Investigations of abuse of legal position and authority by people in the Bush administration are cut short by a career functionary in the Justice department, thereby cutting short even a cursory investigation by a professional association as to whether the standards of the legal profession were violated.  No criminal charges were brought in the politicization of the Justice Department.  No criminal charges, no war crimes charges, not even a serious Congressional investigation, for the serious crime of lying this nation into a war of choice.  

    Lack of outside oversight allows cover-ups to continue.  And people become arrogant.  There are no consequences for improper, immoral, illegal actions, even actions to the points of crimes against humanity.

    And the rationalization can always easily be reduced to a simple justification –  we cannot proceed further, fix the blame, call for appropriate accountability, because it would harm something important.  We do not proceed to the appropriate investigation and punishment, we do not demand the necessary accountabilityfor the sake of the institution:  the Police Department, the Church, the Corporation, the Presidency, the Administration, the political party, the union, the nation. . .

    I try to teach my students to accept when they have made errors, whether deliberately or by lack of knowledge or by failing to take appropriate steps.  At the time of Clinton’s impeachment we heard those from the other political party claim that the president had to be held to account for the poor example he set for young people.  I would agree, although I am not sure his actions rose to the level of impeachment.  I would have been satisfied had the President gone on television and apologized to all he had hurt, starting with his wife and daughter, then his staff, then those who had voted for him, and then to the children of the nation for whom he had set a horrible example.  I only wish Republicans would apply the same standard to Larry Craig, Mark Sanford, John Ensign, Henry Hyde (of his “youthful indiscretion” affair) as they do to Democrats.

    Except it is not that I want a tit for tat.  That has poisoned the atmosphere to the point of a stalemate, a lack of willingness by Congressional ethics committees to fully investigate most wrong-doing by the members of the respective bodies:  it is the equivalent of the Cold War nuclear stalemate with the USSR of Mutually Assured Destruction.  

    And the abuses continue.  And there is no meaningful accountability.  Not for those in power, not for those fortunate enough to be protected by a mindset that their wrongdoings are less important than protecting something larger for the sake of the institution. . .

    I am not a vindictive person.  I have multiple times written of my admiration for what Nelson Mandela and Desmond Tutu achieved in moving South Africa beyond what could have become a bloodbath by using the Truth and Reconciliation Commission.  I no longer believe in the death penalty, in part because of the years I spent as a serious Christian, and accepting that no person can put herself beyond the mercy of God – that would make her equal or superior to God, and for Christianity that would be a blasphemy.  But mercy requires acknowledging one’s wrongs.  That is only the first step.  It should also require one to try to make amends.    And some level of punishment may well be required – loss of position might be only the first step.  Elevation to a position of higher prestige and power is therefore an abomination.  It leads to the likes of Gen. Miller being given the task of “Gitmoizing” Abu Ghraib.

    I care for institutions.   I care deeply for this nation, for what it can and should be.  Which is why I hold it to the highest possible standards of behavior, and demand that those in positions of authority and responsibility, however small, be held to the highest level of behavior.  No one should ever investigate themselves.  No matter how serious we are about examining our consciences, we have a tendency to find justification for what we have done, for what we might want to do.  That almost inevitably leads to abuse, to harm to others.  And insofar as we justify shutting down outside investigations, in protecting our wrongdoers for the sake of the institution we weaken that institution, we allow it to be corrupted from within, to lose sight of its true purpose.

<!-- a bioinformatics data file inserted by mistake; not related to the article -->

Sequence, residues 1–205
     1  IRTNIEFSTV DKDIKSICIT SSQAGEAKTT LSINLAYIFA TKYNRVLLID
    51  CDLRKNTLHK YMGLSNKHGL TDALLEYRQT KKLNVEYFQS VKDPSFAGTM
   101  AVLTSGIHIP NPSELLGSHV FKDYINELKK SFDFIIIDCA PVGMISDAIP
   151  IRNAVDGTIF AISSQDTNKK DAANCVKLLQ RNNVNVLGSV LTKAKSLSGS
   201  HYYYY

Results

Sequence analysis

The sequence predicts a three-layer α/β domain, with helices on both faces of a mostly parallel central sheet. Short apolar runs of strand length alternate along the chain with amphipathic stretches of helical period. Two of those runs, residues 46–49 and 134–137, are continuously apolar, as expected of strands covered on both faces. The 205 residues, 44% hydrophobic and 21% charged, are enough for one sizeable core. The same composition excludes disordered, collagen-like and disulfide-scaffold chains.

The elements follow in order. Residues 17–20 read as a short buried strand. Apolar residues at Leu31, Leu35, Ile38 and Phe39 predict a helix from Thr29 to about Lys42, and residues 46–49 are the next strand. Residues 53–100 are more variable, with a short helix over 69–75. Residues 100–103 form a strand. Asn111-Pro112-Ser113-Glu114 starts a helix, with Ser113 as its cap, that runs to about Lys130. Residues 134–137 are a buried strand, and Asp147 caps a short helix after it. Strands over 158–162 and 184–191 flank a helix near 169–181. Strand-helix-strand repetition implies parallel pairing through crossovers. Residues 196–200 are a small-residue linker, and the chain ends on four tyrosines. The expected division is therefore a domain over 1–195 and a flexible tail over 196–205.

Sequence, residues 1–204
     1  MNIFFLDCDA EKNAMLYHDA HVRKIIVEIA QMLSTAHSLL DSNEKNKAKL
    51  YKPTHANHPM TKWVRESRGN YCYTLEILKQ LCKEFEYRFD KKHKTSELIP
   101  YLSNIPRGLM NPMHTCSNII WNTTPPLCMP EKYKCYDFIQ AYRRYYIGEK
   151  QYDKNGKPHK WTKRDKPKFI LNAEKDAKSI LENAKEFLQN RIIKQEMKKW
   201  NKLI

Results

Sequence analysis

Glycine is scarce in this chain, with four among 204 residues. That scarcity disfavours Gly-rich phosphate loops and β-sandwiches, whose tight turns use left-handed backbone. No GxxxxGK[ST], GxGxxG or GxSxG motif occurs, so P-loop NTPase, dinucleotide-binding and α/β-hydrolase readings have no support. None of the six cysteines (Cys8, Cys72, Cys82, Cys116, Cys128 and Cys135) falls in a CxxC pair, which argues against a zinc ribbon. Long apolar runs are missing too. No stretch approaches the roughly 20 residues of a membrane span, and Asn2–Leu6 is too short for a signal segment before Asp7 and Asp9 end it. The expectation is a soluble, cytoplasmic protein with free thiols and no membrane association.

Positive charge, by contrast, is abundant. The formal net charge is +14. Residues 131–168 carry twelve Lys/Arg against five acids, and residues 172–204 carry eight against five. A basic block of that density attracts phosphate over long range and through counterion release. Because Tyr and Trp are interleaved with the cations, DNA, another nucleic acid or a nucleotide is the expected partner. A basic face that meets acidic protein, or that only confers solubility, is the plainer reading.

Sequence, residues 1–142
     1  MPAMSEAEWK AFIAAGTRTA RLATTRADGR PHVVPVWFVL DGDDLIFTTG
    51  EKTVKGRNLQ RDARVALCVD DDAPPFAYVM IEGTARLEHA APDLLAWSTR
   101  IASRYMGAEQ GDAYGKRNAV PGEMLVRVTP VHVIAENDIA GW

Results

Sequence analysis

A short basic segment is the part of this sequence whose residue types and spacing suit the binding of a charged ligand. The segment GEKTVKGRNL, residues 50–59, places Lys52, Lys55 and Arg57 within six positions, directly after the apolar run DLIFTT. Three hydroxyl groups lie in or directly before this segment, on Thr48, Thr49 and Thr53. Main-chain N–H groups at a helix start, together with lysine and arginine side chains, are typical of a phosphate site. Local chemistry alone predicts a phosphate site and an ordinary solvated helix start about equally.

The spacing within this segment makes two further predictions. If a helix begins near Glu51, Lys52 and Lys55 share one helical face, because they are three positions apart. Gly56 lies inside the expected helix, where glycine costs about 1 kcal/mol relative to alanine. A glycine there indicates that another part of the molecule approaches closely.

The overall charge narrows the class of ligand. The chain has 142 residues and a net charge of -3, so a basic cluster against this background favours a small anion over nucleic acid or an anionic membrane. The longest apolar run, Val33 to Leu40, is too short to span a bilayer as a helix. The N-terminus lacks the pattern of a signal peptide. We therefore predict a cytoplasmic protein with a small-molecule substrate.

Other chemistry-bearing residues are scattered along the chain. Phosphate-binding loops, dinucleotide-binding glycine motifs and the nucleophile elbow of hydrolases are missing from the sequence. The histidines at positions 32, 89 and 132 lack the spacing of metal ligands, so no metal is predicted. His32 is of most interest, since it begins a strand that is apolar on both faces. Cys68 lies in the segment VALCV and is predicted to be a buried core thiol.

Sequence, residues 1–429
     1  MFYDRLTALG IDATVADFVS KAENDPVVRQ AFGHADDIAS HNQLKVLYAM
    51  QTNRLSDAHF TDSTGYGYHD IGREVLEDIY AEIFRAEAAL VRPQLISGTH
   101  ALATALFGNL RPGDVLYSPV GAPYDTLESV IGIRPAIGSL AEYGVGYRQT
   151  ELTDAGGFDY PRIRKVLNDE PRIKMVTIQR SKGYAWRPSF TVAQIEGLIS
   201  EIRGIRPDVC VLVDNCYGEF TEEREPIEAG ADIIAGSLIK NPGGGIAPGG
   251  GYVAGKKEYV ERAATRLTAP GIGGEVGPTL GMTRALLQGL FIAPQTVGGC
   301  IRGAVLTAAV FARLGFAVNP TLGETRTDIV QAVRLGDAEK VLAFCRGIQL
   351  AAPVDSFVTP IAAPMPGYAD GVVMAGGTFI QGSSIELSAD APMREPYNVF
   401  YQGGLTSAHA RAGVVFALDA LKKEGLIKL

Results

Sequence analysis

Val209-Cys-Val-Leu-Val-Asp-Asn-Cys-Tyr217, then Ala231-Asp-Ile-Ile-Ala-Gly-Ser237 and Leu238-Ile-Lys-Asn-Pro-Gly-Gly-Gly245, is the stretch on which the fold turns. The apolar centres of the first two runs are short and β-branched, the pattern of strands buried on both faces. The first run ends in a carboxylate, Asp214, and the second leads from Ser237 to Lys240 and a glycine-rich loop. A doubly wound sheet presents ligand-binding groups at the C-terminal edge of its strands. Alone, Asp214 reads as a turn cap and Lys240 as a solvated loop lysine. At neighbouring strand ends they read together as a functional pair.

Unless that purpose is simply aggrandizement through the accumulation of wealth and power and therefore immunity from any accountability.  Those who are not accountable are unrestrained in their actions and are a threat, at least potentially, to the rest of us.  To me that is unacceptable, intolerable.

    For the sake of the institution of public safety our police must be held to the highest standard –  we empower them to use force on our behalf, and they must not abuse that power

    or the sake of the institution of the Church its leaders must remember that they cannot preach what they do not practice, that they just model what Jesus taught as seen in those words from the Gospel of John that I have already quoted, that they cannot claim they are caring for souls when they are besmirching their own

    For the sake of the institution of the military whose role is supposed to be to defend us from harm we cannot allow unnecessary harm to others, within the ranks of the military or by imposition of superior force upon those of other nations – the idea of dismissing death and destruction simply as ‘collateral damage” is take the first step towards abandoning humanity and morality

    For the sake of the institution of a government that is supposed to be of the people, by the people for the people must be answerable TO THE PEOPLE which cannot happen if its actions remain hidden from the people, not accountable to the people

    And perhaps most difficult, it must start at a smaller level – at the family.  We cannot argue for the sake of family to cover up the wrongdoings of those nearest and dearest to us.  If we are going to demand accountability from our institutions and those who lead them, then we must begin by demanding it of ourselves.

    . . . for the sake of the institution… to do less than required full accountability is to admit by our acquiescence and silence that we accept the abuses and the wrongdoing and the cover-ups –  we diminish the value of that institution, be it police, or army, or company, or religious body, or union, or even family.

    . . . for the sake of the institution. . .